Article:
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Parameters´ Instability, Model Uncertainty and Optimal Monetary Policy

Listed author(s):
  • Carlo A. Favero

Observed policy rates are smooth. Why should central banks smooth interest rates? We investigate if model uncertainty and parameters instability are a valid reason. We do so by implementing a novel ´´thick recursive modelling´´ approach within the framework of small structural macroeconomic models. At each point in time we estimate all models generated by the combinations of a base-set of $k$ observable regressors. Our econometric procedure delivers 2$^{k}$ models for aggregate demand and supply at any point in time. We compute optimal monetary policies for each of these specifications and then take their average as our benchmark optimal monetary policy. We then compare observed policy rates with those generated by the traditional ´´thin modelling´´ approach to optimal monetary policy and to our proposed ´´thick modelling´´ approach. Our results confirm the difficulty of recovering the deep parameters describing the preferences of the monetary policy makers from their observed behaviour. However, they also show that thick recursive modelling can, at least partially, explain the observed interest rate smoothness.

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Paper provided by IGIER (Innocenzo Gasparini Institute for Economic Research), Bocconi University in its series Working Papers with number 196.

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Handle: RePEc:igi:igierp:196
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  1. Soderstrom, Ulf, 2002. " Monetary Policy with Uncertain Parameters," Scandinavian Journal of Economics, Wiley Blackwell, vol. 104(1), pages 125-145.
  2. Robert J. Tetlow & Peter von zur Muehlen, 2000. "Robust monetary policy with misspecified models: does model uncertainty always call for attenuated policy?," Finance and Economics Discussion Series 2000-28, Board of Governors of the Federal Reserve System (U.S.).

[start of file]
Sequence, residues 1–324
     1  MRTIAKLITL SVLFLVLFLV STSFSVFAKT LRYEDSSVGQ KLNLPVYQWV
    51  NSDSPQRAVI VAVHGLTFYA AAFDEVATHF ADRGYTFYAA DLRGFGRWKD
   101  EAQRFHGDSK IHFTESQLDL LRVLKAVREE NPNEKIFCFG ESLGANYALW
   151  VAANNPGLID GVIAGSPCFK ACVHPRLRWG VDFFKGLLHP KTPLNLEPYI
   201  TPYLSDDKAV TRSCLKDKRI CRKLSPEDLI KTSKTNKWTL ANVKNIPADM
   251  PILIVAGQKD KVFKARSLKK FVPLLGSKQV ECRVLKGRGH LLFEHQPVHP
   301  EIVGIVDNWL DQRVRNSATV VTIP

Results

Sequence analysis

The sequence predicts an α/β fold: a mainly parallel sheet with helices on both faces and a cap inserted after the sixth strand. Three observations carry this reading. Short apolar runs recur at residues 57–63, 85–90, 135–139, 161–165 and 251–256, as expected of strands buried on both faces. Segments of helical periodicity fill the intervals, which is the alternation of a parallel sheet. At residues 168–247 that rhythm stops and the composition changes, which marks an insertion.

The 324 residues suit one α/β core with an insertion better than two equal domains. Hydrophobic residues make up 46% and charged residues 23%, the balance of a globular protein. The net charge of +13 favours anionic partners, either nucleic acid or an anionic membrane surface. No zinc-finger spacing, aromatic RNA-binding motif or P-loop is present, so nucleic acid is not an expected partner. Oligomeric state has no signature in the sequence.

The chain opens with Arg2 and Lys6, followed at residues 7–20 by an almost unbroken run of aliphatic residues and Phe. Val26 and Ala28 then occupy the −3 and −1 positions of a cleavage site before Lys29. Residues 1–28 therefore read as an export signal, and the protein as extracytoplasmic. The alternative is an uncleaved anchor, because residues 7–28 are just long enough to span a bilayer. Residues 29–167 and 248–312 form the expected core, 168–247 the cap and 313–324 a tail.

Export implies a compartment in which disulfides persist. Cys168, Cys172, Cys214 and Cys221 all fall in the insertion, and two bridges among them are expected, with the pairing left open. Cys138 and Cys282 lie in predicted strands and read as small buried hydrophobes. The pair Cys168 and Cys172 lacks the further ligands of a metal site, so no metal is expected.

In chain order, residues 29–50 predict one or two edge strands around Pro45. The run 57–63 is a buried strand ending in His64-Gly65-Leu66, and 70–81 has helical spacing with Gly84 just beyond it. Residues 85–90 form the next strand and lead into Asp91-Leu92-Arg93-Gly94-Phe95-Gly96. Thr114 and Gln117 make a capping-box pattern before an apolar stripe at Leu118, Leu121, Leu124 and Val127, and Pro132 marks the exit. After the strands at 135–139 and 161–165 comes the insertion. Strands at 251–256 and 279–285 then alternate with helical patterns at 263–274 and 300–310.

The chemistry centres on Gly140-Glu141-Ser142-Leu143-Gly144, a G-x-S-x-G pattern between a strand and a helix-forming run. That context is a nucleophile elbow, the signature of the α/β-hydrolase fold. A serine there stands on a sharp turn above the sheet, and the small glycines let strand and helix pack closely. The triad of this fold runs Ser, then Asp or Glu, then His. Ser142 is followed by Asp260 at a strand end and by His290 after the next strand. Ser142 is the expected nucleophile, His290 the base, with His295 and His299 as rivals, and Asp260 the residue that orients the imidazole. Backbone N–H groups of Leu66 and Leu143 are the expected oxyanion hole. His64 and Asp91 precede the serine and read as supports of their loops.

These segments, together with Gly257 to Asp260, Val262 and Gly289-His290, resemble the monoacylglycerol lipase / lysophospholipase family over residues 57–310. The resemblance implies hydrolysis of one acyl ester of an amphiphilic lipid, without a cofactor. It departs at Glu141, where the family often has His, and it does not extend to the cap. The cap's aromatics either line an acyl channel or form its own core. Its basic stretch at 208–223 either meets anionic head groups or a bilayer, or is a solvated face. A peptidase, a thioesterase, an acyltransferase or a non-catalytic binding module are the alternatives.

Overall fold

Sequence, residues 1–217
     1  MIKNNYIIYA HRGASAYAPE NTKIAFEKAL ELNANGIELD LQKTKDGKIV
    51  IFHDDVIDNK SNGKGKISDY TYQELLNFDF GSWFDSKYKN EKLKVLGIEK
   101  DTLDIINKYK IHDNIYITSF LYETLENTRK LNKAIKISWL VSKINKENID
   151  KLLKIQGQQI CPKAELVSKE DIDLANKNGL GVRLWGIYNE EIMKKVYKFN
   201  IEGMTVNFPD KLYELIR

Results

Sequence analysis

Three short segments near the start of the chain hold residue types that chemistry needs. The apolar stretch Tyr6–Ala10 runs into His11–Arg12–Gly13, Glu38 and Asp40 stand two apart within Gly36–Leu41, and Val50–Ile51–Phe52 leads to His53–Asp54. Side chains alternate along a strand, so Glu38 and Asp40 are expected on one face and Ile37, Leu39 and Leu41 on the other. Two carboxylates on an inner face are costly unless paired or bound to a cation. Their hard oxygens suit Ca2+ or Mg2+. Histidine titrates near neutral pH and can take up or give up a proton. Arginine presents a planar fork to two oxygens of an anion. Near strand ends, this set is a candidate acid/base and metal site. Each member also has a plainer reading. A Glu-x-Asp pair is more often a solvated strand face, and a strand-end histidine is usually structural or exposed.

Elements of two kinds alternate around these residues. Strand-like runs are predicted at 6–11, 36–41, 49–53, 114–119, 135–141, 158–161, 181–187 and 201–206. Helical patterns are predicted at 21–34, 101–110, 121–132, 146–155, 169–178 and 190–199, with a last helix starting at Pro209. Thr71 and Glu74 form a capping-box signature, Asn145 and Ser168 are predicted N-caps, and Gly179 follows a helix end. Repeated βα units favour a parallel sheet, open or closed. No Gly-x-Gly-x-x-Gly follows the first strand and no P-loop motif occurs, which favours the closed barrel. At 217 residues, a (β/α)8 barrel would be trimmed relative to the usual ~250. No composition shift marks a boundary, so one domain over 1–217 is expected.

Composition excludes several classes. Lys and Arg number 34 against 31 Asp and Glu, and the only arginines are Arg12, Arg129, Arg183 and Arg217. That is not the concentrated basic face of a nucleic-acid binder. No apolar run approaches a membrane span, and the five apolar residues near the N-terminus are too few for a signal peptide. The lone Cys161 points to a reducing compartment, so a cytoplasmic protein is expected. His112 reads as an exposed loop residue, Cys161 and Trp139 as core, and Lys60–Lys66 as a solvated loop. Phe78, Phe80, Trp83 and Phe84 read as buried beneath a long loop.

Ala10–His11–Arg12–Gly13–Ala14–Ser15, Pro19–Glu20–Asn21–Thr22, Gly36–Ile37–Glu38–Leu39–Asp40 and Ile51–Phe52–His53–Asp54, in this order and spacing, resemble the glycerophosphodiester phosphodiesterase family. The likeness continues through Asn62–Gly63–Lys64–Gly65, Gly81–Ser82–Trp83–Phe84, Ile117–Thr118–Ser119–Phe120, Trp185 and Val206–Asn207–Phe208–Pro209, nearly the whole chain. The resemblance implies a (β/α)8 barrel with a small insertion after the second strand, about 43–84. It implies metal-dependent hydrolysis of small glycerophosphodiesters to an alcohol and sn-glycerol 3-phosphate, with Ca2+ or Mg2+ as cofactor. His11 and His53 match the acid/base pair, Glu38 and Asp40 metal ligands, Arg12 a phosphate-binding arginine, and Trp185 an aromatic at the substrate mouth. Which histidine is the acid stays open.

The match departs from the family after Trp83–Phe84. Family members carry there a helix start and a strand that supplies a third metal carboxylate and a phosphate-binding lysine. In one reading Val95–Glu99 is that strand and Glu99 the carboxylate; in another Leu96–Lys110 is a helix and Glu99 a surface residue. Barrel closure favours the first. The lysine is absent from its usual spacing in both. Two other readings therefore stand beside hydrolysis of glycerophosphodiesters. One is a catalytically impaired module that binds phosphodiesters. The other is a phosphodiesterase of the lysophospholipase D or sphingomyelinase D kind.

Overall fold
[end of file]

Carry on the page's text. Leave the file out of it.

3. Rudebusch, Glenn D. & Svensson, Lars E. O., 1999. "Eurosystem Monetary Targeting: Lessons from U.S. Data," Working Paper Series 92, Sveriges Riksbank (Central Bank of Sweden).
  4. Gernot Doppelhofer & Ronald I. Miller & Xavier Sala-i-Martin, 2000. "Determinants of Long-Term Growth: A Bayesian Averaging of Classical Estimates (Bace) Approach," OECD Economics Department Working Papers 266, OECD Publishing.
  5. Söderström, Ulf, 1999. "Should central banks be more aggressive?," Working Paper Series 84, Sveriges Riksbank (Central Bank of Sweden).
  6. Pesaran, M. H. & Timmermann, A., 1996. "A Recursive Modelling Approach to Predicting UK Stock Returns'," Cambridge Working Papers in Economics 9625, Faculty of Economics, University of Cambridge.
  7. Richard Clarida & Jordi Galí & Mark Gertler, 1997. "Monetary policy rules and macroeconomic stability: Evidence and some theory," Economics Working Papers 350, Department of Economics and Business, Universitat Pompeu Fabra, revised May 1999.
  8. Onatski, Alexei & Stock, James H., 2002. "Robust Monetary Policy Under Model Uncertainty In A Small Model Of The U.S. Economy," Macroeconomic Dynamics, Cambridge University Press, vol. 6(01), pages 85-110, February.
  9. Hans M. Amman & David A. Kendrick, . "Computational Economics," Online economics textbooks, SUNY-Oswego, Department of Economics, number comp1.
  10. Lars Peter Hansen & Ellen R. McGrattan & Thomas J. Sargent, 1994. "Mechanics of forming and estimating dynamic linear economies," Staff Report 182, Federal Reserve Bank of Minneapolis.
  11. Granger, Clive W. J. & Jeon, Yongil, 2004. "Thick modeling," Economic Modelling, Elsevier, vol. 21(2), pages 323-343, March.
  12. Glenn D. Rudebusch, 2001. "Term structure evidence on interest rate smoothing and monetary policy inertia," Working Paper Series 2001-02, Federal Reserve Bank of San Francisco.
  13. Sack, Brian & Wieland, Volker, 2000. "Interest-rate smoothing and optimal monetary policy: a review of recent empirical evidence," Journal of Economics and Business, Elsevier, vol. 52(1-2), pages 205-228.
  14. Pesaran, M Hashem & Timmermann, Allan, 1995. " Predictability of Stock Returns: Robustness and Economic Significance," Journal of Finance, American Finance Association, vol. 50(4), pages 1201-1228, September.
  15. Sack, Brian, 2000. "Does the fed act gradually? A VAR analysis," Journal of Monetary Economics, Elsevier, vol. 46(1), pages 229-256, August.
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